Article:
Category Archives: Choosing/Decision-Making

Should I raise funds and market more?

on September 21, 2018 in Blog, Choosing/Decision-Making

I chose to write a post every day, then to write a book, then to start a podcast because 1) enough people told me they found my voice unique and valuable, 2) I felt I had things worth saying, and 3) I would grow from the experience. Outside of launching Leadership Step by Step, I haven’t tried to market that much. That launch wasn’t that big, though it took me[…] Keep reading →

Three simple proposals to reduce pollution

on September 18, 2018 in Awareness, Choosing/Decision-Making, Nature, Visualization

I understand that many people reduce their pollution just from knowing how much they pollute. Planes How about having every airplane ticket show how much pollution and greenhouse gas emissions each flight causes—designed, prominent, and easy to read, like an Energy Star label or cigarette warning? I’d add a relevant comparison number, like IPCC recommendations. Like this, from MyClimate.org, Cars How about gas pumps show that information as you fill[…] Keep reading →

Would you rather?, part 4

on September 1, 2018 in Choosing/Decision-Making

Following up my first post on this topic, and while the options below don’t have to be exclusive, people usually choose as if they are. Do you prefer . . . Eating a lot Or feeling satisfied? Spending time in planes Or going on an adventure? Briefly visiting many Or spending time with some? Fitness Or explaining why you aren’t? Sampling food made for tourists Or learning to prepare what[…] Keep reading →

American men and their breasts

on August 24, 2018 in Choosing/Decision-Making, Fitness, Nonjudgment, Visualization

The United States today probably has the largest population in history of men with breasts caused by voluntary choices. There are other causes than voluntary choices as this Newsweek article says, It can sometimes be hereditary but is more commonly spurred by conditions like obesity, chronic kidney disease or an overactive thyroid, as well as by certain medications like steroids that cause hormone levels to shift. but many men choose[…] Keep reading →

People confuse *feeling* as if they care with *acting* as if they care

on June 27, 2018 in Choosing/Decision-Making, Education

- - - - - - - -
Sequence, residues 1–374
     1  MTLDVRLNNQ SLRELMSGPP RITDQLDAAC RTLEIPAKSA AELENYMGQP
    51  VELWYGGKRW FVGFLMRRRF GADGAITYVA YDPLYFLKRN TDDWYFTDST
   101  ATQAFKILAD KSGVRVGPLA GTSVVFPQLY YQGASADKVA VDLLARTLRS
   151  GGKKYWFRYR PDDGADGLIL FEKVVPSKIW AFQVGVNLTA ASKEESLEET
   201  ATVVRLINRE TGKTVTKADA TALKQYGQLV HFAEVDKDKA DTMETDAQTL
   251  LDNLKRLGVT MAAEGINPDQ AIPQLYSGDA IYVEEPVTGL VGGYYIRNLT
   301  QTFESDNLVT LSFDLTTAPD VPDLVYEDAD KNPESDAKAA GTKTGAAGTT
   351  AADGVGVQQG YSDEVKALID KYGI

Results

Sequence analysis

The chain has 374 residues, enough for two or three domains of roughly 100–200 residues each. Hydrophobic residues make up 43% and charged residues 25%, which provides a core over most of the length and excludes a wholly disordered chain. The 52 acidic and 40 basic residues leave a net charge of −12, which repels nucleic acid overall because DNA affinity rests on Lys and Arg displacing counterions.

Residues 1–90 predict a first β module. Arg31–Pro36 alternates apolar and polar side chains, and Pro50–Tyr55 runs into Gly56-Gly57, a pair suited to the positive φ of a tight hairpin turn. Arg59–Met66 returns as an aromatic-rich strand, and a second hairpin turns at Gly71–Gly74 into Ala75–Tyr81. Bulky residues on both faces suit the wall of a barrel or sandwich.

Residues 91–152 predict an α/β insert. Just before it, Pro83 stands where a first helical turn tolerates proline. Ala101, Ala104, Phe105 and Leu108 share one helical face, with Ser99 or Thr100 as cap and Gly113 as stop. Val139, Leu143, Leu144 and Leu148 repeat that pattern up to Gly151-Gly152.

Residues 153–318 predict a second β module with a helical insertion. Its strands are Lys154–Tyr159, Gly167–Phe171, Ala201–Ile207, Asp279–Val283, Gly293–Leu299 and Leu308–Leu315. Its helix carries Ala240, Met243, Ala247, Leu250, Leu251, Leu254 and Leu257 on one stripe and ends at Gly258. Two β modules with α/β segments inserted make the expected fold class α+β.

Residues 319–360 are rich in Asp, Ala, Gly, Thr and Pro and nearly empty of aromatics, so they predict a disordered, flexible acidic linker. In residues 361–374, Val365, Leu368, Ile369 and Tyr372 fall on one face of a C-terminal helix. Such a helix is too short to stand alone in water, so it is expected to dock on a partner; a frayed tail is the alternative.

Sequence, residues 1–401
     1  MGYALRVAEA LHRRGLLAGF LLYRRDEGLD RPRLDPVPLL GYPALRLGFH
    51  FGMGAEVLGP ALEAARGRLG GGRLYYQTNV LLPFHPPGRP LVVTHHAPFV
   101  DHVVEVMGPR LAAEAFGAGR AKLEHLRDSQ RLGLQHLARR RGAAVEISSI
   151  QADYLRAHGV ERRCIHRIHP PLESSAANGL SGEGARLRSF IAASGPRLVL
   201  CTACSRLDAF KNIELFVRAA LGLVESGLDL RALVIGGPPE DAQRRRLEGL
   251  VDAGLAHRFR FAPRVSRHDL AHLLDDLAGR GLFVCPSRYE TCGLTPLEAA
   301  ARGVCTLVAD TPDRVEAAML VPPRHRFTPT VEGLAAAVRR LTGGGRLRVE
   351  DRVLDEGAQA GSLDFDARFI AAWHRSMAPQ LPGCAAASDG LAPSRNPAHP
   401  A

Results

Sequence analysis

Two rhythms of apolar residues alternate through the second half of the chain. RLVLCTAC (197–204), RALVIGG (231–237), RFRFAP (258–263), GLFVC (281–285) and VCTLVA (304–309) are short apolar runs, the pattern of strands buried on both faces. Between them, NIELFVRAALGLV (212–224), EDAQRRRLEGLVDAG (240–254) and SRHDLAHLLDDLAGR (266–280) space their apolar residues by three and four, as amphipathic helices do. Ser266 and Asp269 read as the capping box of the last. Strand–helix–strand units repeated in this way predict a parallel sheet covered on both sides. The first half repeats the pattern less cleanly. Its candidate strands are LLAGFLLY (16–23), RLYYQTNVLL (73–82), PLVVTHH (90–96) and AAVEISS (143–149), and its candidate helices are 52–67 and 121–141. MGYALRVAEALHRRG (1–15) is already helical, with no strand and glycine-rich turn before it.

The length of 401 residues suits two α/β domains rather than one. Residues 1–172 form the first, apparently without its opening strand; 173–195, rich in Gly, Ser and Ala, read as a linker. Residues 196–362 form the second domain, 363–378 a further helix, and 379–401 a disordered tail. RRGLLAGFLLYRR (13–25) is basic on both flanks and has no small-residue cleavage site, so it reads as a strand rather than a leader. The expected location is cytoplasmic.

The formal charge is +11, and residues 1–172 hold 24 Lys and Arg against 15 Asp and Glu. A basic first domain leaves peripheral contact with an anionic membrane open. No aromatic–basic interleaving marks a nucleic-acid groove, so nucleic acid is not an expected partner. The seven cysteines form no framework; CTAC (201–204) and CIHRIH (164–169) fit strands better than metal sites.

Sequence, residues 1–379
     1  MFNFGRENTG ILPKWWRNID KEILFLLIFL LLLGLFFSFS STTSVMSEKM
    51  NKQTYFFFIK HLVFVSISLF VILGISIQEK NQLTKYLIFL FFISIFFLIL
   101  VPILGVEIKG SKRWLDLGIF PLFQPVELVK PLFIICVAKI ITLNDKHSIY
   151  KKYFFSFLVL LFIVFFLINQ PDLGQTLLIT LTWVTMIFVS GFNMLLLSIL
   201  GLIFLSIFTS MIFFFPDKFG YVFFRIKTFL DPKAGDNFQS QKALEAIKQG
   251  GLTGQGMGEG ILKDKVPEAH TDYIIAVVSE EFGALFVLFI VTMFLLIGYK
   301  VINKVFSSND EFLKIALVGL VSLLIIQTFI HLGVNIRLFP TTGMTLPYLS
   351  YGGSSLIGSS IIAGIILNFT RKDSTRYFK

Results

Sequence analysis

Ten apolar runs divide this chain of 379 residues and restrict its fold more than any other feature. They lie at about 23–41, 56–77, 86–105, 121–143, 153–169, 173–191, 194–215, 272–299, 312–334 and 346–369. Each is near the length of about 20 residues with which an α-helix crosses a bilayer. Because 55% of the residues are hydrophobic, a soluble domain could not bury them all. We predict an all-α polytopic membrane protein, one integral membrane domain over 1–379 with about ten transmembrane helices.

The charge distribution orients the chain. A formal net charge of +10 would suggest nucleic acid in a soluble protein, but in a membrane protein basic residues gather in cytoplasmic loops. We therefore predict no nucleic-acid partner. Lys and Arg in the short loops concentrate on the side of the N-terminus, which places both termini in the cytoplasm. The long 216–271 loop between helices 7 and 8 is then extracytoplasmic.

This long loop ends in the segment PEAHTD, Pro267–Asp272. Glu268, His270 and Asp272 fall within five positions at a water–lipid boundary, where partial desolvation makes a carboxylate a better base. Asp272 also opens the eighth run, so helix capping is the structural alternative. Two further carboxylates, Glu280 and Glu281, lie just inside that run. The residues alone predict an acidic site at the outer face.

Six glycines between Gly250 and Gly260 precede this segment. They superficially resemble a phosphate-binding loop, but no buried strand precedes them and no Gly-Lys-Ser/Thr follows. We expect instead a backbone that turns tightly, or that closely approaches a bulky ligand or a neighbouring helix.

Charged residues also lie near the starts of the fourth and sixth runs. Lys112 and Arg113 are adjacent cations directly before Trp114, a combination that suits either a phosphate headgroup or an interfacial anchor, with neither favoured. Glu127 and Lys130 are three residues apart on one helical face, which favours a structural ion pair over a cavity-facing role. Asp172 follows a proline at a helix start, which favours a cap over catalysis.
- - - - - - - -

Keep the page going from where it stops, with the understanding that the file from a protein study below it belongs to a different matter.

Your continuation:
One of my biggest lessons in transitioning from traditional education to active, experiential learning is the difference between reading, writing, talking, analyzing, and debating about something you care about and acting on something you care about. Can you imagine a parent saying he or she cared about a child but not helping the child when the child was hurt, sick, or needed help? Without acting, talking about values—or reading, writing,[…] Keep reading →

I wish I had the dedication and discipline of most Americans

on June 6, 2018 in Choosing/Decision-Making, Fitness, Habits, SIDCHAs

My post yesterday about my heart rate of 49 beats per minute and how people choose to spend their leisure time got me thinking about living by your values–what leaders do. When they hear I exercise daily, people suggest I have some special discipline, dedication, or other skill. I wish! On the contrary, the average American’s dedication and discipline for their values dwarf mine. I have to craft my life to make exercising[…] Keep reading →

Op-ed Fridays: which is easier, freeing slaves or not using disposable cups and bottles?

on April 13, 2018 in Choosing/Decision-Making, Leadership

This morning’s New York Times posted a story, Holocaust Is Fading From Memory, Survey Finds, reporting a survey with results such as Thirty-one percent of Americans, and 41 percent of millennials, believe that two million or fewer Jews were killed in the Holocaust; the actual number is around six million. Forty-one percent of Americans, and 66 percent of millennials, cannot say what Auschwitz was. My last name, Spodek, is Jewish-Polish,[…] Keep reading →

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